Designing Tomorrow: America’s World’s Fairs of the 1930s
Editor’s note: This special feature is being posted in concert with the National Building Museum’s exhibition Designing Tomorrow: America’s World Fairs of the 1930s and to highlight the addition of several Exhibition Grounds profiles in the What’s Out There database.
In the midst of the Great Depression, tens of millions of visitors flocked to world’s fairs in Chicago, San Diego, Cleveland, Dallas, San Francisco, and New York where they encountered visions of a modern, technological tomorrow unlike anything seen before.
Eager for projects at a time when little new construction was being financed, participating designers built-out the fairgrounds with eclectic architecture and landscape that was often placed within traditional Beaux-Arts site plans. Like their predecessors, the Depression Era campuses were most often designed on cleared or undeveloped land, incorporating buildings, courtyards, gardens, and art, mounted by the Federal government, states, and foreign nations. A central component at each of these fairs were their pavilions, which housed innovative and dynamic exhibitions that paid tribute to topics as diverse as factory production, technology, and speed. The result was a golden vision of the future during one of the country’s worst economic decades.
Exhibits at these fairs forecasted the houses and cities of tomorrow and presented streamlined trains, modern furnishings, and even talking robots. Architects and industrial designers like Raymond Loewy, Norman Bel Geddes, Henry Dreyfuss, and Walter Dorwin Teague collaborated with businesses like General Motors and Westinghouse to present a visionary future complete with highways, televisions, and all-electric kitchens. New York Fair’s Futurama display designed by Norman Bel Geddes for General Motors took fairgoers on a narrated trip across a 35,000-square-foot model of an imagined metropolis and its surrounding countryside. Leading corporations and the Federal government used the fairs as laboratories for experimenting with innovative display and public relations techniques, and as grand platforms for the introduction of new products and ideas to the American public.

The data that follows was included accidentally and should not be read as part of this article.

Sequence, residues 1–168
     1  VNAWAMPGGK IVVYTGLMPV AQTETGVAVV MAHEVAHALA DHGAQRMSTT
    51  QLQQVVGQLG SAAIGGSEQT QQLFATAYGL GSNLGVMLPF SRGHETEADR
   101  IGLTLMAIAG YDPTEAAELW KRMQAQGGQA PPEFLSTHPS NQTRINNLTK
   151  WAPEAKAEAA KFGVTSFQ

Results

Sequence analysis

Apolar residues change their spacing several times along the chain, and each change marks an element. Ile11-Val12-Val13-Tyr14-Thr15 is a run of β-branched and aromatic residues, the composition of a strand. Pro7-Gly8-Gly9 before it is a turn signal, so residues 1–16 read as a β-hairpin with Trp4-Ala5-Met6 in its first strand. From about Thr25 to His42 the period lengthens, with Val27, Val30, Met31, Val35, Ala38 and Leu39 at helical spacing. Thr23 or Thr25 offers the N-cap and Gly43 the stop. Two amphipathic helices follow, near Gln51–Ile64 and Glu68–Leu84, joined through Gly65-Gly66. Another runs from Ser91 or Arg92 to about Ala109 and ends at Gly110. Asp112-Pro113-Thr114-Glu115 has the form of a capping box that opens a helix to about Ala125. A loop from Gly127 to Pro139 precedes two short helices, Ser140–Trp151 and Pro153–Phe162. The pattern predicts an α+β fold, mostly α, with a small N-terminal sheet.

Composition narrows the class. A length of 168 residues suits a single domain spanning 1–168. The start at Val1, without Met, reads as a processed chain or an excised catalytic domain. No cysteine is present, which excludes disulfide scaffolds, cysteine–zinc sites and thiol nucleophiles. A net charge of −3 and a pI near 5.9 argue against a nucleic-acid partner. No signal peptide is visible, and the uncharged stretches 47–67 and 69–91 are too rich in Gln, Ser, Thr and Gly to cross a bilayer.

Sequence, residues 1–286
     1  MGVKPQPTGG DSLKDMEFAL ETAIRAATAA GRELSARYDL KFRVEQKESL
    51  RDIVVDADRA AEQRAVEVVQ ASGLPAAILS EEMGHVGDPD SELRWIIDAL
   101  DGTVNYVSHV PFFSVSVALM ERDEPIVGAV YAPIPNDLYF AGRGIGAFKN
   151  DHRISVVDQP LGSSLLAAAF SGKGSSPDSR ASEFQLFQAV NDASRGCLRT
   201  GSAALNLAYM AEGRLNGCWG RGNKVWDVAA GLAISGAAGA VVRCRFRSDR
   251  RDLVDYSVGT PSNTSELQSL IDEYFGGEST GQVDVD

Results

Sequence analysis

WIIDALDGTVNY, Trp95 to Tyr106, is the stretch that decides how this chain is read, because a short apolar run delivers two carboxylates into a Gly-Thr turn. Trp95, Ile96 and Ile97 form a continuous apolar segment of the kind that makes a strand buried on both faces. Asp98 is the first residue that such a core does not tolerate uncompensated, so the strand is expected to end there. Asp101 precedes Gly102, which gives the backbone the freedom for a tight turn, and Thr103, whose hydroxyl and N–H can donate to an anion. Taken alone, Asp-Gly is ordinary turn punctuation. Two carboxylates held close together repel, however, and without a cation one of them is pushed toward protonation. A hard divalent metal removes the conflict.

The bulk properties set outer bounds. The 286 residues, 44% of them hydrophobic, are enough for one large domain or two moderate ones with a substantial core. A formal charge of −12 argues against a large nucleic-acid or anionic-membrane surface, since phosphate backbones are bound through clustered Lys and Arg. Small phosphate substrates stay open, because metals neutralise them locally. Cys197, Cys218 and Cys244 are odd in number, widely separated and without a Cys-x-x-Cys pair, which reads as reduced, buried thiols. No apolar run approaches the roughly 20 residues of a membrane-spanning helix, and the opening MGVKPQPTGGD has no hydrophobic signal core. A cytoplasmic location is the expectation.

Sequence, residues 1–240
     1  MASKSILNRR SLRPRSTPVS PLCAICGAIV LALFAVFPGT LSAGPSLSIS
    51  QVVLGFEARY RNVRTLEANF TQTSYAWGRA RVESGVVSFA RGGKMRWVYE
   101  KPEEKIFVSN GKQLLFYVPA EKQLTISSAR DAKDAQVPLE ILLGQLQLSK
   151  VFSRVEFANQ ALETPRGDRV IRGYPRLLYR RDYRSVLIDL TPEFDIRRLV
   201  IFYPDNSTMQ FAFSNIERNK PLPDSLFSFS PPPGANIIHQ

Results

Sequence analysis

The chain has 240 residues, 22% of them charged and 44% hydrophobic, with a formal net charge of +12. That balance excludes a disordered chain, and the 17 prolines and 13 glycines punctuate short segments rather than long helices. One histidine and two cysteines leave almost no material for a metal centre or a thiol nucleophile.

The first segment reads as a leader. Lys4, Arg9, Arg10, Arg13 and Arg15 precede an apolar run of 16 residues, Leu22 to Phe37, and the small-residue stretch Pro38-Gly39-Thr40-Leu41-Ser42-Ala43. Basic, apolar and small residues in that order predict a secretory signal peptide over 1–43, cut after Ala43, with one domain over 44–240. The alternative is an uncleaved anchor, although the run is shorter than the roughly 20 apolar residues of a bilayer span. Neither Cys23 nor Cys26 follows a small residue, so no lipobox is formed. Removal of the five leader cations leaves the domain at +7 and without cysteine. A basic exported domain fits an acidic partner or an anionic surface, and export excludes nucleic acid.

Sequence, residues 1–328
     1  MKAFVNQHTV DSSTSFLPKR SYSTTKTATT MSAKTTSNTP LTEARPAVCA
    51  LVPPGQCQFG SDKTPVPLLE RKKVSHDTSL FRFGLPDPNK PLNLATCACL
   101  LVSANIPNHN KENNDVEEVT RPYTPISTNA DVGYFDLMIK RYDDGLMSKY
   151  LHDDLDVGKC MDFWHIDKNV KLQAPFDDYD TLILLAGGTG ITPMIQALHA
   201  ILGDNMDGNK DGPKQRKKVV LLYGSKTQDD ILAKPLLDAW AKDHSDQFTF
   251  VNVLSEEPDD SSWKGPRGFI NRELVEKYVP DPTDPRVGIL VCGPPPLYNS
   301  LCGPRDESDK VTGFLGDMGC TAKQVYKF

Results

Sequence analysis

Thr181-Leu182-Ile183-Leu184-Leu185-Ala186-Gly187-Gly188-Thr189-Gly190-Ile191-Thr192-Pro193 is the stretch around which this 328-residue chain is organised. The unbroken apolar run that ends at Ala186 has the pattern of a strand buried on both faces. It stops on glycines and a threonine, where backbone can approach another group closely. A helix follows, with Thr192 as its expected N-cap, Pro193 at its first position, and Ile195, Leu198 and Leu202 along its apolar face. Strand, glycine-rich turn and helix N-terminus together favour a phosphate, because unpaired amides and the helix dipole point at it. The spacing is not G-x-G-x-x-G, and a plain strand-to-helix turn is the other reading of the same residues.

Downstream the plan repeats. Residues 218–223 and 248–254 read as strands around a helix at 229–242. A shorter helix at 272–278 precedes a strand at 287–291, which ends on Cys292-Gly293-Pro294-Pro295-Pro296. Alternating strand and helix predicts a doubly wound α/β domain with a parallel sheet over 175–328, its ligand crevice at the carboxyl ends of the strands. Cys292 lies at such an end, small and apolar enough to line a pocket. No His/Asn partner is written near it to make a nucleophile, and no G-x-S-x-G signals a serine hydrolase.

The fairs also introduced visitors to new ways of thinking about public space and the character of their home environments. Landscape architect Ferrucchio Vitale and and Austrian architect Joseph Urban held joint responsibility for landscape design, site planning, and construction of Chicago’s “A Century of Progress” fair, which was conceived as the extension of Frederick Law Olmsted, Sr. and Daniel H. Burnham's concept for the World’s Columbian Exposition held 40 years earlier. Vitale and Urban’s plans for the site and landscape design were only partially executed, due to the illness and death of both designers before the fair opened. Richard Requa’s design for the outdoor environment in San Diego showcased the potential for grand civic spaces adjacent to residential-scale places, such as the Alcazar Gardens, in the context of exotic Hispano-Moorish-inspired design.
The construction and design of the fairs themselves illustrated innovations in land development and building technologies. San Francisco’s fair celebrated the completion of two remarkable structural feats – the Golden Gate and San Francisco-Oakland Bay Bridges – and was sited on Treasure Island, created from 25 million cubic feet of San Francisco Bay dredge materials. Before the New York Worlds Fair was ever constructed, it was record-breaking as the largest land reclamation project ever undertaken in the eastern U.S. The fair was situated on 1216-acre “Corona Dumps” in Flushing Meadows, Queens, a primeval bog loaded with ashes and debris that required almost one million cubic yards of excavation and soil shifting. The New York fair was notable for its inclusion of a host of reputable landscape architects and planners, including Gilmore Clarke, Michael Rapuano, Paul Cret, Jacques Gréber, Clarence Stein, Charles Downing Lay, Alfred Geiffert, Jr., Nellie B. Allen, Harold Caparn, Thomas Price, A. F. Brinckerhoff, C. N. Lowrie, and Jay Downer.
While many of the fair sites have been demolished or heavily altered, several have survived as important cultural and civic spaces. The Prado pedestrian plaza, its buildings, and several gardens from the California Pacific International Exposition remain a vital center of activity in San Diego’s Balboa Park. Leased to the U.S. Navy from World War II until 1996, the remaining buildings and site plan on Treasure Island in San Francisco are now part of a mixed-use master plan for the Island’s redevelopment. Through continued use and thoughtful management, Dallas’s Fair Park represents the most intact collection of 1930s exposition planning, fair buildings and public art in the country. Learn more about these extant exposition grounds in the What’s Out There profiles for the Dallas, San Diego, and San Francisco fairs.
The fairs foretold much of what would become modern post-war America—from the national highway system to glass-walled skyscrapers and the spread of suburbia. The exhibition Designing Tomorrow: America’s World Fairs of the 1930s, on display through September 5, 2011, at the National Building Museum in Washington, D.C., explores the impact of America’s Depression-Era world’s fairs on the popularization of modern design and the creation of a modern consumer culture. Learn more about the exhibit at nbm.org
Designing Tomorrow, September 2010. Edited by Robert W. Rydell, and Laura Burd Schiavo, Yale University Press.